Digital ProgramsPodcasts, videos, and other online resources.
Join poet Sarah Audsley in a video recorded at the Taconic Mountains Ramble in Hubbardton Vermont for the latest installment of Words in the Woods. Sarah reads six poems from her manuscript-in-progress, and reflects with Vermont Humanities staffers Rachel Edens and Sahra Ali on the power of place and the influence of identity.
Recent Digital Posts
Join poet Sarah Audsley in a video recorded at the Taconic Mountains Ramble in Hubbarton, Vermont for the latest installment of “Words in the Woods.” Sarah reads six poems from her manuscript-in-progress and reflects with Vermont Humanities staffers Rachel Edens and Sahra Ali on the power of place and the influence of identity.
Join poet Shanta Lee Gander in a video recorded at Sweet Pond State Park in Guilford, Vermont for the latest installment of Words in the Woods. Shanta reads from her collection, GHETTOCLAUSTROPHOBIA: Dreamin of Mama While Trying to Speak Woman in Woke Tongues, and reflects with Vermont Humanities staffers Rachel Edens and Sahra Ali on the craft of poetry.
As the first woman governor for the State of Vermont, the ambassador to Switzerland for President Clinton, and the holder of other prestigious positions, Madeleine Kunin has inspired women and girls to discover their own voices as leaders. Governor Kunin speaks about her life in politics and read to us from her newest book of poetry, “Red Kite, Blue Sky.”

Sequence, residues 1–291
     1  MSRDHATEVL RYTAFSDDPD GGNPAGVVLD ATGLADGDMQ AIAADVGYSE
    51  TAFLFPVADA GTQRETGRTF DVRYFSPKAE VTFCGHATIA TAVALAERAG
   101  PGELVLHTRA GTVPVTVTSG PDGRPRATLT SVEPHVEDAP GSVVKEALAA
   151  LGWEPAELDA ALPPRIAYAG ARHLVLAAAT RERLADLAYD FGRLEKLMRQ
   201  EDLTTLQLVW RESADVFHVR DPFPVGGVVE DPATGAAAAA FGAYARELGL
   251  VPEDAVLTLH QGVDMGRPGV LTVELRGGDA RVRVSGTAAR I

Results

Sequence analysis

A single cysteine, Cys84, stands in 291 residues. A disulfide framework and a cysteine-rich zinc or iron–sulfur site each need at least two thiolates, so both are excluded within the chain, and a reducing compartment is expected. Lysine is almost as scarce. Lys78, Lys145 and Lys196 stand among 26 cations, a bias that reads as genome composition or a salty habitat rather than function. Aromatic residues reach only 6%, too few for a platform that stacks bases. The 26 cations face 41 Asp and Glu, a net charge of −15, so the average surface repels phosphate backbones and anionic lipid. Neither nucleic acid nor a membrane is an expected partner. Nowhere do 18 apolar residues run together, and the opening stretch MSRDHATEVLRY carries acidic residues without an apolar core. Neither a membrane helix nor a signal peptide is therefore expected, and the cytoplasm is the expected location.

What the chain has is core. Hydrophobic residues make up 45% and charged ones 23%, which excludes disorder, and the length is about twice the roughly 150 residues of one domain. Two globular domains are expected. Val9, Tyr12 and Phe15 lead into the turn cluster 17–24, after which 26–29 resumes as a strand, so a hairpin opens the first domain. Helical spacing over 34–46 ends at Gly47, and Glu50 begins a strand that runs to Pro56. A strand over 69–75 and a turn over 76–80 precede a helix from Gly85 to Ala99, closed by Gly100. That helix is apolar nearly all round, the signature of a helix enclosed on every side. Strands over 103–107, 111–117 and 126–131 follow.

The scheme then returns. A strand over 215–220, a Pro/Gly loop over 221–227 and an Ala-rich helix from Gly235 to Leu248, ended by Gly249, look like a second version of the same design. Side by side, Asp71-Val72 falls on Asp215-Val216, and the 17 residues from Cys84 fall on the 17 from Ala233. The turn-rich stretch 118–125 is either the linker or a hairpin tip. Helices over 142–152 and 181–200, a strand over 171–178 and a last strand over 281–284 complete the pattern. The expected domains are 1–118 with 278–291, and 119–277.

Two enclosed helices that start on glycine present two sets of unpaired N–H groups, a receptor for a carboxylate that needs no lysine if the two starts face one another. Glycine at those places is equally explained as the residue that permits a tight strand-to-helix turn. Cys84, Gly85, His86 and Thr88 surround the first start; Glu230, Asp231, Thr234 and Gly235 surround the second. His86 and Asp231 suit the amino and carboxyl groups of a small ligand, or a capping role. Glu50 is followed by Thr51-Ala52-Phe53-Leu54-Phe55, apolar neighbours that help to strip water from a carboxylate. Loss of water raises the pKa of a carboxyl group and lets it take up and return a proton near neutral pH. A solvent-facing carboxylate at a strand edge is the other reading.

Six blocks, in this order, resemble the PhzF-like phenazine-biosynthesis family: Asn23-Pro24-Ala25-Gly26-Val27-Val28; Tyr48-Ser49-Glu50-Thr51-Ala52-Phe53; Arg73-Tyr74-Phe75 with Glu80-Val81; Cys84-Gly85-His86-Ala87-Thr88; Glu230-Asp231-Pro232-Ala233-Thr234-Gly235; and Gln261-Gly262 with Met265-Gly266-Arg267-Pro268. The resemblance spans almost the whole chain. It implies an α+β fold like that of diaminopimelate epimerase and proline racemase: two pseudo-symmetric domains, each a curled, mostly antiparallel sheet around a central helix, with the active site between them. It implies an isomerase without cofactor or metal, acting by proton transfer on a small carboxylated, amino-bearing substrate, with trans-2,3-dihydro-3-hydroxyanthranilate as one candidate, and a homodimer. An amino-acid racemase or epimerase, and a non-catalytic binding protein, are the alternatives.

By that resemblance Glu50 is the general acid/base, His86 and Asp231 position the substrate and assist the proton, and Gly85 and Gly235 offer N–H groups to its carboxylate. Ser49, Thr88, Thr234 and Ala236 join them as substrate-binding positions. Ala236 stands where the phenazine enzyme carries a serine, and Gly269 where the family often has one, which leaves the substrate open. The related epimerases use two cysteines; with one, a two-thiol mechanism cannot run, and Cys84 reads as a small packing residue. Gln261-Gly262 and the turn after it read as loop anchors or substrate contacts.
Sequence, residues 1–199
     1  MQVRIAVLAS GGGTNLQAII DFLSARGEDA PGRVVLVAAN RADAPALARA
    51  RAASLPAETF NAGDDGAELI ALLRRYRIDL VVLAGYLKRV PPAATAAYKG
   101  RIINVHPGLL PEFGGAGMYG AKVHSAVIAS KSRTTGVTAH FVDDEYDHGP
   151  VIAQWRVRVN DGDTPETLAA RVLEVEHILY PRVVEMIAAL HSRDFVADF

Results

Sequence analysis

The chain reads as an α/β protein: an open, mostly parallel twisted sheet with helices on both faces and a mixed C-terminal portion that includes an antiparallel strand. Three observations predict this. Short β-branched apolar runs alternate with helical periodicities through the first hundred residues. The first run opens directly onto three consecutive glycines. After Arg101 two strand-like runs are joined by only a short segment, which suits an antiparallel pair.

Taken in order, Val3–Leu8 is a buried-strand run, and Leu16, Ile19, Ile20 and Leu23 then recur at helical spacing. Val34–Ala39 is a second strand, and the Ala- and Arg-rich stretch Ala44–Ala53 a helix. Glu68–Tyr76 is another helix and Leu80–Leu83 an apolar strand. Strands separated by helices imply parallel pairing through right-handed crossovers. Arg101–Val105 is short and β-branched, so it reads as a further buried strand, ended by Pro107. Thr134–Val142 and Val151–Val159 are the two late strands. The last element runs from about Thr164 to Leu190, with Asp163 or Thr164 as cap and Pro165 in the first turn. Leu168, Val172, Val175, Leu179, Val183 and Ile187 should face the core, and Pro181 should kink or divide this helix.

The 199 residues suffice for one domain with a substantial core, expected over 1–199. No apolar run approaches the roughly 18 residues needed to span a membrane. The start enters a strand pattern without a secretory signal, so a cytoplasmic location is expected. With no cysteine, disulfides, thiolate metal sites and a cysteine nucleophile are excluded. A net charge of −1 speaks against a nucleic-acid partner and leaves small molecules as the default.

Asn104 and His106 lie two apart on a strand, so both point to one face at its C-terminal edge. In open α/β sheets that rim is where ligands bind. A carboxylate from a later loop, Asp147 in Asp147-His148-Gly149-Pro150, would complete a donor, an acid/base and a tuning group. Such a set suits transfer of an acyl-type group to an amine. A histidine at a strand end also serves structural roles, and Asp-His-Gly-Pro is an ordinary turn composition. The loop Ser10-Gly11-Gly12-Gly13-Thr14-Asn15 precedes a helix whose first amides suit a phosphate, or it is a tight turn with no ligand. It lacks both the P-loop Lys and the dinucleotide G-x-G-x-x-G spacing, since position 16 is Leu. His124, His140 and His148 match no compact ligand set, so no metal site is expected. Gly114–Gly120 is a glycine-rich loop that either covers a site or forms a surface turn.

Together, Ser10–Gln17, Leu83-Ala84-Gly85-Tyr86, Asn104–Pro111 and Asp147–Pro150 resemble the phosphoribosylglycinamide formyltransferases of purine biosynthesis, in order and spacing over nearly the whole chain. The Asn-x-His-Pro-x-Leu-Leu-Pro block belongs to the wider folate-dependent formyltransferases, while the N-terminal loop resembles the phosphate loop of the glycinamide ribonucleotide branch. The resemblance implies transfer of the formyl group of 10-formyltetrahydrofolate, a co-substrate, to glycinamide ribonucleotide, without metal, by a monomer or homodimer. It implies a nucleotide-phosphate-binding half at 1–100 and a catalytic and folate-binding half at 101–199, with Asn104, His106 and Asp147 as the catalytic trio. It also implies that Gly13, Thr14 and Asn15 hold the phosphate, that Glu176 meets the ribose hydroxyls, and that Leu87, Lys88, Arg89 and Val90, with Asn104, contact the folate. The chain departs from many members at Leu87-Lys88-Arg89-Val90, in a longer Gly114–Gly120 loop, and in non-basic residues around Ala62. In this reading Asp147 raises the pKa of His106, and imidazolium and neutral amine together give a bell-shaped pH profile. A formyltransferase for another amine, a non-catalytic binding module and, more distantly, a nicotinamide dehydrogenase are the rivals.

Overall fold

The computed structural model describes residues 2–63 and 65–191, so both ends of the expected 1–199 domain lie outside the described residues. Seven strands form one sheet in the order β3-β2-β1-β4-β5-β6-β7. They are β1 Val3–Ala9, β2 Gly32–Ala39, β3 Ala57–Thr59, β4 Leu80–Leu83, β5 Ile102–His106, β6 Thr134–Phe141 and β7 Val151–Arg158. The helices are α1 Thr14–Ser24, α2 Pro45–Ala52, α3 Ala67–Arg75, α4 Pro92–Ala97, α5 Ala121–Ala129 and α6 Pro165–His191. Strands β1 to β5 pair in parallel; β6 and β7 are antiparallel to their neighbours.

How do television cop shows shape our understanding of police, race, and crime in America? Focusing on the television series “The Wire,” Middlebury professor Jason Mittell challenges our understanding of this television genre in the era of the Black Lives Matter movement.
The day after the verdict in the George Floyd murder trial was announced, the Center for Whole Communities in Burlington hosted a discussion between Senator Ram and Delma Jackson, the co-host of the Dive-In-Justice podcast.
How did British housewives experience the Second World War and contribute to the war effort? Saint Michael’s history professor Dr. Jennifer Purcell tells the stories of seven housewives from across Britain.
Why did Vermont lawmakers resist women voting in the 19th and 20th centuries? Through the stories of three Vermont suffragists, Marilyn Blackwell outlines the shifting debate over women’s full citizenship in from the 1850s until 1920.
Since the dawn of human civilization, people have gazed into the heavens, trying to find meaning and connection to their lives. Monuments like Stonehenge and the Great Pyramid attest to the significance of the stars, which still offer important lessons for us today.
Inspired by the Mary Oliver poem, “Wild Geese,” Saint Michael’s College professor Adrie Kusserow wrote “Mary Oliver for Corona Times,” stating, You do not have to use this isolation to make your marriage better/your body slimmer, your children more creative. She discusses Oliver’s poem and explores ways in which the pandemic has sparked creative work.
Drawing from the Sheldon Museum collections, archivist Eva Garcelon-Hart presents the story of two extraordinary women, Charity Bryant and Sylvia Drake, who were accepted in early 19th-century rural Vermont as a married couple.